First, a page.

Perhaps because of its combination of cold weather and festivity, Christmas has become the sweetest time of the year. The atmosphere suddenly puts paid to al¡ the precautions people take to avoid putting on weight, and the consumption of sweets reaches its peak. The custom of associating particular sweets with festivities, whether religious or pagan, is certainly a curious one. The origins of the habit go back to Ancient Rome, where buns and cakes started to be distinguished from bread in the 2nd century B.C., and were thereafter linked with celebrations. Christmas is the time of year when this historic tradition is most in evidence.
In Spain, the Christmas sweet par excellence is "turrón", a candy made from almonds that may also contain pine nuts, walnuts or hazelnuts, can be hard or soft, and is always toasted or mixed with sugar or honey. It is one of the great legends of traditional Spanish confectionery. Of Arab and Mediterranean origin (Catalonia and the Valencian region both claim it on the basis of documentary evidence), its manufacture has become an important industry for several towns in eastern Spain where almonds grow in abundance, such as Alcoy, Alicante and Jijona.
It is also the time for marzipan, which finds full expression in Toledo. It is said to have been invented by the Arabs, whose warriors used to carry it in battle to replenish their strength when necessary. Adolfo, one of the great names, has a shop in the city.
Some people, however, prefer other cakes like `mantecados', `alfajores' and `polvorones', whose heartland within Spain is Andalusia. They are dry and crumbly, but they taste delicious, and all of them are still hand-made. They make Christmas sweeter for half the nation.
But the glitter and excess that form part and parcel of these festivities also fuel the consumption of many other sweets. Spain's enticingly varied panorama of confectionery furthermore includes cakes, sponges, biscuits; flans, pancakes, buns and tarts.
The Epiphany cake, a symbolic sweet
And whilst engaged on this sugary survey, we might also pay homage to the 'roscón', a highly symbolic ring-shaped Epiphany cake whose biggest attraction is that whoever finds the "surprise" inside it is assured of good fortune in the coming months.
And we shall end this overview with a suggestion. Where the richness of Spain's confectionery is probably best preserved is in its monasteries and convents, which since the days of St Isidore of Seville have possessed gigantic kitchens and ancient recipes, their secrets inaccessible to laymen, with names like "fat from heaven", "angel's locks", "nun's sighs" and "glories".
We had a talk about Christmas sweets with Francisco Torreblanca, a
leading confectioner from eastern Spain who works extraordinary wonders with `turrón' -hard or soft- and with chocolate. In 1990, he was rated as Europe's greatest master of traditionally made sweets and cakes, having won a similar award in Spain two years earlier.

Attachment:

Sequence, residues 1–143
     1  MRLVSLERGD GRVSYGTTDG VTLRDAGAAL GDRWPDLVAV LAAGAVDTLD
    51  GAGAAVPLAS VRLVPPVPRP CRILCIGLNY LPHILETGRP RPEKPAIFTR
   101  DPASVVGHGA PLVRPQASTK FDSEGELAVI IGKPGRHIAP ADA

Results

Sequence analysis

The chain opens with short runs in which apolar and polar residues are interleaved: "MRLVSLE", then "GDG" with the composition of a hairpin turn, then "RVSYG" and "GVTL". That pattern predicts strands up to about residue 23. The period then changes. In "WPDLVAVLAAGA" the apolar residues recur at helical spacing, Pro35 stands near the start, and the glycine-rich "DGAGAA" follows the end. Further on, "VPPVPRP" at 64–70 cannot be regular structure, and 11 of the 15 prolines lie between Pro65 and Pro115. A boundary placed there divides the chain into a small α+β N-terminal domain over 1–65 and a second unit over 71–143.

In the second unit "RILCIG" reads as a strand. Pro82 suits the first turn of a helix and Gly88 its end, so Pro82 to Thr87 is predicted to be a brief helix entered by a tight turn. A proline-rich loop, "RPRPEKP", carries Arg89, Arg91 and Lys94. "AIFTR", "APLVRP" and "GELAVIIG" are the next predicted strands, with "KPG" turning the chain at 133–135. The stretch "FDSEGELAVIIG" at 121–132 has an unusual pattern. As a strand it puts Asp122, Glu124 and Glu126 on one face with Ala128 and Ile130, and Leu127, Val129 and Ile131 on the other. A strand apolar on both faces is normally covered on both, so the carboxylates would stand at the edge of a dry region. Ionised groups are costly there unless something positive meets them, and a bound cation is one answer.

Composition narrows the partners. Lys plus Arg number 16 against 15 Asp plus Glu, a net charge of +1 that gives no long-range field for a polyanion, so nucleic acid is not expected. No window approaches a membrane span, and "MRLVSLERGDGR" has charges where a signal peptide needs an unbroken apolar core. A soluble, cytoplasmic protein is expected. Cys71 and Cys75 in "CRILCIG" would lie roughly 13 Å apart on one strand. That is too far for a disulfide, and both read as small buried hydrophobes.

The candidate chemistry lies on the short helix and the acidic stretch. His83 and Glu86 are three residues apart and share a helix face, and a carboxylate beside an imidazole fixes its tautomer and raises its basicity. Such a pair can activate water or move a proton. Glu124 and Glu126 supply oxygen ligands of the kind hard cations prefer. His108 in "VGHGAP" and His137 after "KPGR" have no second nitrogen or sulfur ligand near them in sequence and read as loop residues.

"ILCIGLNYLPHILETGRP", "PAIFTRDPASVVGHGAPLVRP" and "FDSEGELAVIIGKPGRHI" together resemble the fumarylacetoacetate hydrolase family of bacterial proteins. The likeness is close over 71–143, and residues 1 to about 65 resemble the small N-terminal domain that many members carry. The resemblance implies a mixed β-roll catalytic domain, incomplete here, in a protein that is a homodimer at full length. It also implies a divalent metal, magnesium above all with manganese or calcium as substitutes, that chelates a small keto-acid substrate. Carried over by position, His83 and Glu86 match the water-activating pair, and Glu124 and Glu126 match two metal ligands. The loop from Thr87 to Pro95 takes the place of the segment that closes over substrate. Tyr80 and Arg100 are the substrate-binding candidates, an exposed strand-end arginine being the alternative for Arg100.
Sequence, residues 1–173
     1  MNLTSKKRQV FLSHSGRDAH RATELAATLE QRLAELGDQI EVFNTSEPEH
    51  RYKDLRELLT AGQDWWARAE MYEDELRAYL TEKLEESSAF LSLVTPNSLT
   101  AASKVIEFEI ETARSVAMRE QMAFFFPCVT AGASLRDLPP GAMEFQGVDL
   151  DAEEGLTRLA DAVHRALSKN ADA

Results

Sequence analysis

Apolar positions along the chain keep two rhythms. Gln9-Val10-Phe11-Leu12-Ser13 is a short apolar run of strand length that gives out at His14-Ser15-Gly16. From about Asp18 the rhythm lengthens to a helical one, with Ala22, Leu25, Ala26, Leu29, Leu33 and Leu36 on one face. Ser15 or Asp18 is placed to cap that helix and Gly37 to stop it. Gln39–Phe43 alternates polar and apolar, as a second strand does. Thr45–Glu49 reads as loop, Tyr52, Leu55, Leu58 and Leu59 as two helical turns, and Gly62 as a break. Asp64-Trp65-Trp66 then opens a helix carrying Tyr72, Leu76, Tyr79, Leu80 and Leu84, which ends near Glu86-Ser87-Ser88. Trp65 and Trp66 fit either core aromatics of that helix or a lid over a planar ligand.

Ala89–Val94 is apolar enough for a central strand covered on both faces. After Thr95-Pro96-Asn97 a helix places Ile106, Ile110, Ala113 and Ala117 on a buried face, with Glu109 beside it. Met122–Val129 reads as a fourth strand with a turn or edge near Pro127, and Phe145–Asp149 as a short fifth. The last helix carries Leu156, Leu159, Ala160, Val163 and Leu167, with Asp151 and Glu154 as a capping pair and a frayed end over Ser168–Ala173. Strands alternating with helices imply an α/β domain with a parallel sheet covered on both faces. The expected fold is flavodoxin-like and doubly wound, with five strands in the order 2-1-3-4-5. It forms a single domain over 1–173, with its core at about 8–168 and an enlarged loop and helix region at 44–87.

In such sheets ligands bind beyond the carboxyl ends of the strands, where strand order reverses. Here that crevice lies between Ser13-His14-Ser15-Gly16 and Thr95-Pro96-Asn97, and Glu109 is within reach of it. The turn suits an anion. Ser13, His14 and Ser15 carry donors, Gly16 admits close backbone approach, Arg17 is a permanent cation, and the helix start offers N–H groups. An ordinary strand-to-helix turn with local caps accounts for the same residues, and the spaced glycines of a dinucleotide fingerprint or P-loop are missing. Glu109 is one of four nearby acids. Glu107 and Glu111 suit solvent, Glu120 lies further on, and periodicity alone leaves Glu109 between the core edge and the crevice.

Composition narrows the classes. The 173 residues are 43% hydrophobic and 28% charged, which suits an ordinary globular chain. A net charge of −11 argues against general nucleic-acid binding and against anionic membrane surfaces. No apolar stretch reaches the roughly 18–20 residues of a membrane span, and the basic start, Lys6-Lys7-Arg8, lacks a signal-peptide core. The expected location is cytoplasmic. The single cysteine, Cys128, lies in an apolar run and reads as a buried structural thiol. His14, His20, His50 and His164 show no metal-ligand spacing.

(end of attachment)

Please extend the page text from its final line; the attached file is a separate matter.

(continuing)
Torreblanca is the owner of Totel, a magnificent patisserie in the town of Elda, Alicante. He is also the director of the European School of Confectionery and Gastronomy. He has written a book called "The Seduction of Sugar", and his chocolates, in nearly fifty varieties, are regarded as among the best in the world. Nor should we forget his delicious chocolate `turrón', which comes in flavours ranging from the traditional almond to the exotic red berry. Moreover, Francisco Torreblanca invented and made one of the most eagerly awaited sweets of the year, his "Gianduja Real", which was served for dessert at the wedding banquet of the Prince and Princess of Asturias.
Torreblanca, who regards Christmas as "a confectioner's
that "sweets are enormously important in Spanish gastronomy, since the number of varieties in every region is very great:"
Asked to name some of the most remarkable of Spain's autochthonous sweets, he mentions `piononos', `rosquillas' and 'yemas', among others. When it comes to noteworthy recipes in general, he lists traditional ones like `turrón', marzipan, Epiphany cake, rice pudding, "fat from heaven", egg custard and "angel's locks" in puff pastry, and more innovative contributions like "the combination of chocolate and saffron, the use of spices and the blending of sweet and savoury flavours."
-Which ingredients are most commonly used in Spain for making sweets and desserts?
And which are the most unusual or novel ones?
-Obviously, the most frequently used ingredient is sugar, though butter, eggs and olive oil are also very common. And the most novel ones that occur to me are saffron, Chinese spices and Japanese agar-agar.
Since the earliest civilisations, sweets have been synonymous with hospitality and attentiveness to guests. By the same token, the dessert is always the dish that the host prepares most lovingly. A very sweet and merry Christmas to you all!
Recipe Roscón de Reyes (Epiphany Cake)
700 g flour.
150 g sugar.
350 g soft butter.
38 g fresh yeast (13 g dry yeast).
B g salt.
0.5 dl rum.
0.5 dl orange blossom water.
Half a grated lemon.
Half a grated orange.
Egg for glazing.
Almonds, fruit and sugar to taste.
Knead the flour with the sugar and yeast. Add the eggs one by one, the sugar, the salt, the rum and the orange blossom water. Knead for another 10 minutes.
Leave the dough to rest until it starts to rise. Break it and keep it in the fridge for several hours.
Stretch it into the characteristic ring shape, insert the prize and glaze with egg. Let it rise and glaze it again. Add the fruit, almonds and sugar. Bake for 35 minutes at 175°C